Jonathan Mahler of Bloomberg View has a story about Curt Schilling’s business failures at 38 Studios. The difference here: he found a business school case study from 2009 in which Schilling — pre-failure — was interviewed about his plans and ambitions. And once you read it, you won’t be all that surprised that it failed.
Among the highlights:
- “I wanted to make a difference in the world and take one shot at getting Bill-Gates-rich,” he told the study’s authors;
- “Schilling had no idea how much time and money it took to build the software required for such a game. And he didn’t exactly help matters by weighing in with suggestions of his own. There was, for example, that instance when he mentioned in an e- mail that it might be cool to have mounted combat on flying pigs. The design team worked on nothing else for a week.”
- He once asked the president of 38 Studios if employees got weekends off. Another time he suggested that they work 14 days straight so as not to lose their momentum.
The article paints a picture of an in-way-over-his-head megalomaniac. The only reason the company didn’t fail sooner, I assume, is because that mounted combat on flying pigs thing was a FANTASTIC IDEA. Just imagine how big a disaster this would have been if it weren’t for that.
We learned on Monday that Hyun-Jin Ryu won one of the final two spots in the Dodgers’ starting rotation. Brandon McCarthy has won the other, Bill Plunkett of the Orange County Register reports. Alex Wood was McCarthy’s competitor for the spot.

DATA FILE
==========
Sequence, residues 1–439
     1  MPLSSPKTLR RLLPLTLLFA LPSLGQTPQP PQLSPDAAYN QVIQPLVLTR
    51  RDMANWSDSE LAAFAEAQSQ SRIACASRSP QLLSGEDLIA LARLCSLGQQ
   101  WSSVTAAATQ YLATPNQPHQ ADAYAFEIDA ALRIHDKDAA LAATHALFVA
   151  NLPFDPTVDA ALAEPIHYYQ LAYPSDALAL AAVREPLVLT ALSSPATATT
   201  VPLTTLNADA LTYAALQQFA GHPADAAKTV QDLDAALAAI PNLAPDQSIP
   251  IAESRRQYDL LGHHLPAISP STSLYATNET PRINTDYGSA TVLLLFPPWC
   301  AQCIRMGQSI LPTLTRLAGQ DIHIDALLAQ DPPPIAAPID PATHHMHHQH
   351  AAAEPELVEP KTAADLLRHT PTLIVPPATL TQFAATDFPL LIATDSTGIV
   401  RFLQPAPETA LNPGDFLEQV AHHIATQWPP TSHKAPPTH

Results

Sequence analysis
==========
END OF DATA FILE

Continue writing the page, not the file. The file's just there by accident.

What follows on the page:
McCarthy, 33, posted a 4.85 ERA across four appearances spanning 13 innings this spring, yielding seven earned runs on 14 hits and a walk with seven strikeouts. Wood, a southpaw, gave up five earned runs in six innings against the Reds on Tuesday, which might have factored into the decision.
Last season, McCarthy made nine starts and one relief appearance, posting a 4.95 ERA with a 44/26 K/BB ratio in 40 innings. In the event McCarthy falters, the club has Wood as well as Julio Urias and the injured Scott Kazmir as potential replacements.
The Yankees have re-signed pitcher Jon Niese to a minor league contract, George A. King III of the New York Post reports. Niese was released on Sunday, but he’ll stick around and provide rotation depth for the Yankees.
Niese had knee surgery last August and got a late start to spring training as a result. In six spring appearances lasting an inning each, the lefty gave up three earned runs on five hits and a walk with five strikeouts.
Niese, a veteran of nine seasons, put up an aggregate 5.50 ERA with an 88/47 K/BB ratio in 121 innings last season between the Pirates and Mets.